So Much For Corporations Buying Elections


Ever since the Supreme Court ruled in the Citizens United case that political spending, even by corporations, is protected free speech Democrats have been in an uproar as A. Barton Hinkle notes in his Reason column today:

The ruling, fumed President Obama, “strikes at democracy itself.” Democratic National Committee chairman Tim Kaine—Virginia’s former governor—termed it “a major victory for oil companies, banks, health insurance companies and other special interests.” Others called the ruling a “constitutional Frankenstein moment,” a “corporate takeover,” “radical,” “absurd,” and “terrifying.” On MSNBC, Keith Olbermann declared the ruling worse than the 19th-century Dred Scott decision upholding slavery. It was, he intoned, a “Supreme-Court-sanctioned murder of . . . democracy.” A writer for the Huffington Post declared, “We are all royally, hopelessly [expletived] for the rest of recorded time.”

And then there was The Times, which insisted the Court had “paved the way for corporations to use their vast treasuries to overwhelm elections…. Congress must act immediately to limit the damage of this radical decision, which strikes at the heart of democracy.” Other liberals, from John Kerry and Ralph Nader to Nancy Pelosi and the Occupy movement, agreed the Bill of Rights needed to be rolled back to stem the terrible flood of political speech.

We also heard countless Democrat candidates complain about the outside, independent spending opposing them and supporting their opponents. Here in North Dakota, as one example, Senate candidate Heidi Heitkamp and her supporters complained until they were red in the face about spending by Crossroads GPS (Karl Rove’s PAC) opposing her candidacy and supporting Rick Berg.

But was all the Democrat hysteria over this spending really justified? It sure doesn’t seem that way, for all the good that spending did:

New York’s paper of record was writing about the colossal failure of deep-pocket donors to swing any weight in last week’s election: “American Crossroads, the super PAC founded by Karl Rove, spent $104 million in the general election, but none of its candidates won. The United States Chamber of Commerce spent $24 million backing Republicans in 15 Senate races; only two of them won. Sheldon Adelson, the casino mogul, spent $53 million on nine Republican candidates, eight of whom lost.” It was indeed, as the editorial noted, “A Landslide Loss for Big Money.”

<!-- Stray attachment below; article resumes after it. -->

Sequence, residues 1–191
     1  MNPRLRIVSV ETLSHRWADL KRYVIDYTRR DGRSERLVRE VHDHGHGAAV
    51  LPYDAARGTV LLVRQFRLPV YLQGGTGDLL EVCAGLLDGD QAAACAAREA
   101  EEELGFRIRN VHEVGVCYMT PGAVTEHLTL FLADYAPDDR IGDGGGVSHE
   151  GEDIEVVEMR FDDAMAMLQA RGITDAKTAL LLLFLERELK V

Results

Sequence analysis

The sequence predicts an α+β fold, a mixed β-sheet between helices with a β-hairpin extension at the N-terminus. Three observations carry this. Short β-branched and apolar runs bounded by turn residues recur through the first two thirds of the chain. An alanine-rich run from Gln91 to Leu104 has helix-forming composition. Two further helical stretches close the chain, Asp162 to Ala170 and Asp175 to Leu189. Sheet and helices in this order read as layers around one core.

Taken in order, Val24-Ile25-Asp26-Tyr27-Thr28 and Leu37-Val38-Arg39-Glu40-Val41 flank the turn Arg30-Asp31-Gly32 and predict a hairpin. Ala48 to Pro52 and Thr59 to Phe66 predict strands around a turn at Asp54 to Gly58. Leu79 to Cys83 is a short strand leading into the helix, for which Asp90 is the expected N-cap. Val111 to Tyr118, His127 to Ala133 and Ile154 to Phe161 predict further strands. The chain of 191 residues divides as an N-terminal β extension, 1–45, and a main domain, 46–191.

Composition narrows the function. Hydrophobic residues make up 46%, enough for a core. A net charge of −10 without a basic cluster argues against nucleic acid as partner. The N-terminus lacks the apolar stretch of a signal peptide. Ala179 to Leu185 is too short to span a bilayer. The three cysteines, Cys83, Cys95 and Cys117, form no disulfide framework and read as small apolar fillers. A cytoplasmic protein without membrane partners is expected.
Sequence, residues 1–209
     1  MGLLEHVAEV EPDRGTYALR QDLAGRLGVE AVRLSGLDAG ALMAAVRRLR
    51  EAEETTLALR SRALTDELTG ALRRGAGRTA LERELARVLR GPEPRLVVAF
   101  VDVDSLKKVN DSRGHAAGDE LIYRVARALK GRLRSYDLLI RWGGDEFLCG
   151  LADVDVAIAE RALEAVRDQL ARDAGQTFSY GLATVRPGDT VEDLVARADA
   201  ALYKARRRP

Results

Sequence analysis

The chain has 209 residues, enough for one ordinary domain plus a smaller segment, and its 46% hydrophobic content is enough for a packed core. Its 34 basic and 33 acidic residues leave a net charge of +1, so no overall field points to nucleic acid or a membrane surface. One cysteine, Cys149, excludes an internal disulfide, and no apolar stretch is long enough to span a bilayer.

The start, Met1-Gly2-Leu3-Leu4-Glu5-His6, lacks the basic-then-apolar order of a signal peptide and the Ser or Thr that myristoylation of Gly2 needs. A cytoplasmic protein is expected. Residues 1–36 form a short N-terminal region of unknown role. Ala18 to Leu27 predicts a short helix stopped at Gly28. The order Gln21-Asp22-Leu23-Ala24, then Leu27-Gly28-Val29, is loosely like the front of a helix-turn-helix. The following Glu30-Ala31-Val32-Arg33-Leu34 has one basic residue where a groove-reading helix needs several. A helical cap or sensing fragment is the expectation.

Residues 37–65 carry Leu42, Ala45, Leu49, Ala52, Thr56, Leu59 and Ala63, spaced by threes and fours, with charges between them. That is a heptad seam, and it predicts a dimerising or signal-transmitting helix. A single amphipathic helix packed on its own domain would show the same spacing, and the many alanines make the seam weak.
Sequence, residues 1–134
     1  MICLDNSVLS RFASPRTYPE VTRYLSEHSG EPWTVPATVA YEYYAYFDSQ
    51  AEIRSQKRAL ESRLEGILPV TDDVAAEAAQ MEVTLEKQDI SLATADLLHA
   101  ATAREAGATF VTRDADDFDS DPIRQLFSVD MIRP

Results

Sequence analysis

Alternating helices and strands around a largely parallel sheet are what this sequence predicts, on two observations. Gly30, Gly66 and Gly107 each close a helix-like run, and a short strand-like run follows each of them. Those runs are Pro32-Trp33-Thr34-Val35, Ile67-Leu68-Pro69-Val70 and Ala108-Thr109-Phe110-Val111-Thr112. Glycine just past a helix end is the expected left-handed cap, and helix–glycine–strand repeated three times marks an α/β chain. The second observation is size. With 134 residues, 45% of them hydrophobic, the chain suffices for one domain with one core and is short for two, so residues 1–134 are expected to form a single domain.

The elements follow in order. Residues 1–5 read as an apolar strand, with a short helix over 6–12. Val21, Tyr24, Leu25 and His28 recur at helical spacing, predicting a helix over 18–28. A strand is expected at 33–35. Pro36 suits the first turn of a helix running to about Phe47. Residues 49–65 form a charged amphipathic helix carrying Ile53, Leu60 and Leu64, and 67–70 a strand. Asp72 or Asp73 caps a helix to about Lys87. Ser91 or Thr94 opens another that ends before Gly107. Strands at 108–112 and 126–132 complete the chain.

This certainly is not the outcome the newspaper foresaw two years ago, when the Supreme Court handed down its ruling in Citizens United.

People make far too much of the influence of money in politics. Yes, the more money a campaign has the better chance it has of reaching and convincing people with its message. But this idea of “buying” elections is a bit overwrought, especially when it comes to independent expenditures.

If I want to spend my money on producing advertising or other sorts of media supporting or opposing a political candidate or issue, that’s my right as a free citizen. If a corporation, an organization of people, wants to spend its money in similar ways, that should also be protected under the same rights.

Corporations, after all, really are people. Organizations of people who don’t lose their rights simply because they’ve organized.

Rob Port

Rob Port is the editor of In 2011 he was a finalist for the Watch Dog of the Year from the Sam Adams Alliance and winner of the Americans For Prosperity Award for Online Excellence. In 2013 the Washington Post named SAB one of the nation's top state-based political blogs, and named Rob one of the state's best political reporters.

Related posts